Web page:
If threatened with waterboarding, I might recount to you my childhood Christmas memories: going to Grandma’s house in the country, hoards of cousins, broken bits of hard candy in cut glass bowls, playing with the marble roller, the smell of a real tree, navel oranges, the reading of Bible verses and the Nativity story before opening presents in a hurricane of flying wrapping paper, snowball fights, singing carols, too much food. Yes, it was all very storybook wonderful and all 100% true.
But let us face reality. Christmas is dead. There is no more Christmas. Christmas was over long before the Wal-Mart employee was trampled to death by shoppers this year. The so-called, epiphany-like “Christmas feeling” is as artificially generated as the tacky blow-up reindeer display in your neighbor’s yard, as much a product of ignorance as the Baby Jesus Prayer in Talledega Nights.
We have started to receive some of the once-traditional annual letters, stuffed into cards, mostly from older generation relatives not conversant with email. These are impersonal, usually involving clinical details about a hip operation. They are far worse than spam. I used to pretend to read the single-spaced details in these letters. Not this year.
I am not doing Christmas this year. So far, it has been a successful endeavor. I feel cleansed. Christmas is just a week away and I haven’t once even been tempted to buy presents, contact old friends, look at decorations, or cruise campus fraternity dumpsters for early-discarded trees. While shopping for groceries last week at Meijer, I did notice there was a secular Christmas song overhead. I felt nothing. It was the same hypnotic “buy something” music that gets played – and ignored – year round.
I will gladly avoid those church elders standing out in the freezing cold wearing fake beards and real bathrobes, holding unfortunate lambs, squinting into cheap spotlights, while people walk past these living Nativity scenes snickering.
A 3rd grader named Alfonso in the bilingual classroom where I sometimes teach asked me if Santa was real. He knew the answer, but he was testing me. He just wanted to watch me lie. Kids love to lie and I was not about to provide him with any more rationalization than he already gets watching the President on TV.
“Maybe Santa is your father,” I told him.
“Yeah,” he said. “But my dad doesn’t have papers.”
I wonder what Alfonso thinks about talk show hosts like Lou Dobbs and Bill O’Reilly, who annually get all worked up about Christmas, about saying the word “Christmas,” and about all the letters to the editor wailing and moaning about the fact that people say “Holiday” instead of the magic mantra word “Christmas.” The rest of the year, the opinion poobahs and the local letter-writers demand the deportation of immigrants like Alfonso’s dad – no room in this inn, believe me – and/or suggest bombing Iran or storming Venezuela. This schizoid dissonance, honoring the Prince of Peace by name while stabbing our neighbors in the back, kind of throws the baby Jesus out with the bathwater, if you ask me
Quite possibly, there never was a thing as Christmas cheer, just like there were never any “good old days.” It all mythical, a cheap wine high that gets passed down generation to generation, everybody believing that somebody else is feeling something they are not.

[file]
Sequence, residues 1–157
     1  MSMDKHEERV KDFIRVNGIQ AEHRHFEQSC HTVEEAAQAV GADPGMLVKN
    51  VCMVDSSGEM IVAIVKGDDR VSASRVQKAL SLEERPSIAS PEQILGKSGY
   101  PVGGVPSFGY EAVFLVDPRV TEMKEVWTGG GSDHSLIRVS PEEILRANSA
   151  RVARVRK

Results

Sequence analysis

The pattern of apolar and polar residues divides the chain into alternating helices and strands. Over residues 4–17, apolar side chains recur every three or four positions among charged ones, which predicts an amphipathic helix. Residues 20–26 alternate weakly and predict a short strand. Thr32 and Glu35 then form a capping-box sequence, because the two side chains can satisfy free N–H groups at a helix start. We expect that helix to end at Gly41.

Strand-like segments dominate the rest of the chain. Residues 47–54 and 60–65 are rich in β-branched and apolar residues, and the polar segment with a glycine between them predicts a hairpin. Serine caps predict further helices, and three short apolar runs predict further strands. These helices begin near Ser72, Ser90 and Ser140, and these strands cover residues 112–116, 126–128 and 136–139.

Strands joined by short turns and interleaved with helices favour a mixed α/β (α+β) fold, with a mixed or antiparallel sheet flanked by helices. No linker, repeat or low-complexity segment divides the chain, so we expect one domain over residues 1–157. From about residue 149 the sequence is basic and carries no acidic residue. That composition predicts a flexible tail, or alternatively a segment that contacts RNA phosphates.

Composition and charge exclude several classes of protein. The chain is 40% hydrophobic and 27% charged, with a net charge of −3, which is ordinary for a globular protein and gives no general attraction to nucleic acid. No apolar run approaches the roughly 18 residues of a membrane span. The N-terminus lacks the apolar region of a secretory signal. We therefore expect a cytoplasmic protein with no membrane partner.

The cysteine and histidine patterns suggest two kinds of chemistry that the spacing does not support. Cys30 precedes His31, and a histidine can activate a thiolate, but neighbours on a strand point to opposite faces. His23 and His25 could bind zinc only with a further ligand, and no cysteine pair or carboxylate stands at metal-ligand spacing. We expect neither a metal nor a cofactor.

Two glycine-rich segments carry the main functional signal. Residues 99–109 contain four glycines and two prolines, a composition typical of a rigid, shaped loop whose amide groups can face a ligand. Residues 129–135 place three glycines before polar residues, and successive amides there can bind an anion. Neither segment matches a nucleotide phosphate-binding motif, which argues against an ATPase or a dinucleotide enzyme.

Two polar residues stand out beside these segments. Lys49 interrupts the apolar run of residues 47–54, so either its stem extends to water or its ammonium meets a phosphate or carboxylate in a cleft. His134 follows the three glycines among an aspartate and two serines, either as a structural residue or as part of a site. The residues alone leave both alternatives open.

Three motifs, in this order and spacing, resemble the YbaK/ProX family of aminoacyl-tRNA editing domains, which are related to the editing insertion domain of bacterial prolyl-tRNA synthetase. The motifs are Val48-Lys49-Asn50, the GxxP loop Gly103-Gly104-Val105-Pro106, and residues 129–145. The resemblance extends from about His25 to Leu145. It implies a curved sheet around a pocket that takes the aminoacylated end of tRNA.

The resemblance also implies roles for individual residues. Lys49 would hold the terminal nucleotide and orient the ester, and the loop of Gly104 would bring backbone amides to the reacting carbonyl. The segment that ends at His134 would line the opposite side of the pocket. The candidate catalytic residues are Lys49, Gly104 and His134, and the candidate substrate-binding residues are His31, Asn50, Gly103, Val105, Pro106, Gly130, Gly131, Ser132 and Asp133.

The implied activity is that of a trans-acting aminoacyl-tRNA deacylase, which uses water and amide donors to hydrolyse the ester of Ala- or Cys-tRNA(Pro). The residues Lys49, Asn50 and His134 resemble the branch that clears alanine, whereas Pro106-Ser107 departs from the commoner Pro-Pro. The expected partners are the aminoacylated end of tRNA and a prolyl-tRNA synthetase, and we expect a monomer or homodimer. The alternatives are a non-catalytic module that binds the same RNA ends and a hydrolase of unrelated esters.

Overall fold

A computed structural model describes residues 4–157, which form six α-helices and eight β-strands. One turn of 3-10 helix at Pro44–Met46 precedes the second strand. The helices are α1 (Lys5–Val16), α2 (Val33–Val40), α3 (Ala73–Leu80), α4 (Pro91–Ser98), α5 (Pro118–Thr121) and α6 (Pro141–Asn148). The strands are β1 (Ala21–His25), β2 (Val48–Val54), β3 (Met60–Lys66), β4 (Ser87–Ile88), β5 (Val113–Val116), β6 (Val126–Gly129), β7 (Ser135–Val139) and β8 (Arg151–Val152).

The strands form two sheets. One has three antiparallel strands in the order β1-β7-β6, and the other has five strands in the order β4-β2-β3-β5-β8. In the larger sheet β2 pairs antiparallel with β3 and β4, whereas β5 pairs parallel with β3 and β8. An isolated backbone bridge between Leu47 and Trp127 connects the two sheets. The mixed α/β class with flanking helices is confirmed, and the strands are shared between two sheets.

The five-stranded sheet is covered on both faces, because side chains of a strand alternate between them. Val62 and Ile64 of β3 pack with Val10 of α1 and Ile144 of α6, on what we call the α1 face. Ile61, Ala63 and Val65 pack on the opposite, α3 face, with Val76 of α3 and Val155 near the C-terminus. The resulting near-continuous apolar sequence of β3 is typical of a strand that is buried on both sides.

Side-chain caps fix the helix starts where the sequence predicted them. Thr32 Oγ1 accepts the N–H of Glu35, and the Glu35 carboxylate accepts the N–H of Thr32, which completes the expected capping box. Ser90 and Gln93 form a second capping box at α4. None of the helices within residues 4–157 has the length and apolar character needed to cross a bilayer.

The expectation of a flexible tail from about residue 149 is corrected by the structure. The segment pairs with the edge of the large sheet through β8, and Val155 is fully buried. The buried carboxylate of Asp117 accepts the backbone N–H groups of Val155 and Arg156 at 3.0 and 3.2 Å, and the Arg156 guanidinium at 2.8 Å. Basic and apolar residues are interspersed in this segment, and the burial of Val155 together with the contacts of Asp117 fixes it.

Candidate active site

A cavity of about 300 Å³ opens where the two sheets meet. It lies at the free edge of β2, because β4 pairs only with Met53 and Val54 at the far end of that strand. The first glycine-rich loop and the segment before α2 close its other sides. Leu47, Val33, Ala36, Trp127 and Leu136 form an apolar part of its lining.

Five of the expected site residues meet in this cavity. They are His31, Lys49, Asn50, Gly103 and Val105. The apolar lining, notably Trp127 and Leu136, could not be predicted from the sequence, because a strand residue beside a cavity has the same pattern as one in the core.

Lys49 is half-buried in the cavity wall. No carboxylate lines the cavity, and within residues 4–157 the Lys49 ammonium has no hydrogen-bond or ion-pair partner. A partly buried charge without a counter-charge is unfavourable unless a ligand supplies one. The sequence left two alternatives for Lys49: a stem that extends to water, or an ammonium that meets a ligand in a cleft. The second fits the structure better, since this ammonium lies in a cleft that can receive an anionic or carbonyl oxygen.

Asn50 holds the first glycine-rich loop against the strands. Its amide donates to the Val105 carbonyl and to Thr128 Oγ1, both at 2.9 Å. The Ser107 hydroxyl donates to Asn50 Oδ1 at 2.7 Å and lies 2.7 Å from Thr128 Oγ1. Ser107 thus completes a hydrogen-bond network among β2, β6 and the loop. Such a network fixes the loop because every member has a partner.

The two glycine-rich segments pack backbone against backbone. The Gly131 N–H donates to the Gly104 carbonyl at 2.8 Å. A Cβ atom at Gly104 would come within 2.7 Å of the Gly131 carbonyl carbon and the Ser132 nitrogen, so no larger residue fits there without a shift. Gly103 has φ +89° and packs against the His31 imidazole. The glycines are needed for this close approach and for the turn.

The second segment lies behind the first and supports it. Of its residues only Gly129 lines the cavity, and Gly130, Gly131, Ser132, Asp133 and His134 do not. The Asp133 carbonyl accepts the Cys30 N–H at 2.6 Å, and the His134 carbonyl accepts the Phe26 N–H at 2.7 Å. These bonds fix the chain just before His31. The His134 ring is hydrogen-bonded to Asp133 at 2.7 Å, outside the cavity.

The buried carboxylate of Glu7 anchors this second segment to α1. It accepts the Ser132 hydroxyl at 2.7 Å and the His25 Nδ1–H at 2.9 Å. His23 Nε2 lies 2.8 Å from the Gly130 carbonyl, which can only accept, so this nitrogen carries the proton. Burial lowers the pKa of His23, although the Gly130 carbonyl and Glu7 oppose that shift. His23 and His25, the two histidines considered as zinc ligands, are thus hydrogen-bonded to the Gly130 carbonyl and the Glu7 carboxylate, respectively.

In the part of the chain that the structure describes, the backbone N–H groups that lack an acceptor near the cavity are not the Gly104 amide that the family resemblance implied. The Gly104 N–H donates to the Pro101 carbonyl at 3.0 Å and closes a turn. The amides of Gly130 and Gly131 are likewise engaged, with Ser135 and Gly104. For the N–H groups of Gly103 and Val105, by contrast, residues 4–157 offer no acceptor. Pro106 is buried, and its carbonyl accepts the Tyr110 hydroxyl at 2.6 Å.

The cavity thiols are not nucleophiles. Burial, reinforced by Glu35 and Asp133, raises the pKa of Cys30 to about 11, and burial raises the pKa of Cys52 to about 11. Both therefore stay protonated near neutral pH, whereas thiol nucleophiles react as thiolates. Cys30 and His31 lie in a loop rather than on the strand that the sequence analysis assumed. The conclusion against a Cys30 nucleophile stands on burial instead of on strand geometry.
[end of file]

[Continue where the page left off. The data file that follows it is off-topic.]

Therefore, let it be resolved that we hereby replace faux Christmas cheer with a new goal of the season. I humbly submit we strive to achieve Transcendence. Salvation. Nirvana. Satori. Let’s go all out and get ourselves Enlightenment this year for Christmas. This product is not sold in stores.
What are the paths to transcendence, you well may ask?
One way may be to become invisible. William Burroughs (sometimes known as “El Hombre Invisible”) wrote several essays about how to be invisible. He gives real tips on how to walk down the street and go unseen. I’ve tried them and they actually work pretty well.
Another way is to turn 60 years old. Nobody sees you at all once you turn 60. So they tell me.
Jim Morrison of The Doors was so obsessed with spiritual transcendence, he drank himself into oblivion. His song “The Soft Parade” provides “four ways to get unraveled.” One is to sleep. One is to travel. One is to become a bandit, hiding out in the hills, perhaps a political revolutionary. And the fourth, according to the song, is trangressive sex, to love your neighbor till “his wife gets home.” Ahem.
Much easier than Morrison’s prescriptions would be to practice Transcendental Meditation as taught by the late Maharishi Mahesh Yogi. It only takes about half an hour a day for thirty years or so and, according to practitioners like filmmaker David Lynch, it works!
None of these things are likely to happen for you before December 25, though, so I have my own suggestion. I suggest a new method for a perfect Transcendental Christmas, the sure-fire way to turn your world upside down.
Don’t give gifts to people. Give apologies instead.
They say that a lot of doctors could avoid malpractice suits if they would just apologize for mistakes. People want apologies more than settlements. Mormons could give the gift of hope and love – no greater gift than that! – by apologizing for sponsoring Proposition 8.
George Ryan apologized. Sure, he wants out of prison, but it’s not doing anybody any good keeping him there. Blagojevich should apologize and take his lumps. It would astonish everyone. George Bush should apologize before he leaves office. “Give me your tired and your poor,” he should say. “Throw your shoes at me. I’m terribly sorry.” Talk about a Christmas miracle.
The other gift we can give is to accept apologies! That is so much better than a new blender.
I’m sure this is the best idea since Black Friday. Maybe it won’t save the economy, but that’s supposedly not what the season is about anyway. Apologize and accept all apologies.
‘Tis the season to be sorry. I almost feel like singing. Fa la la la la, la la la la!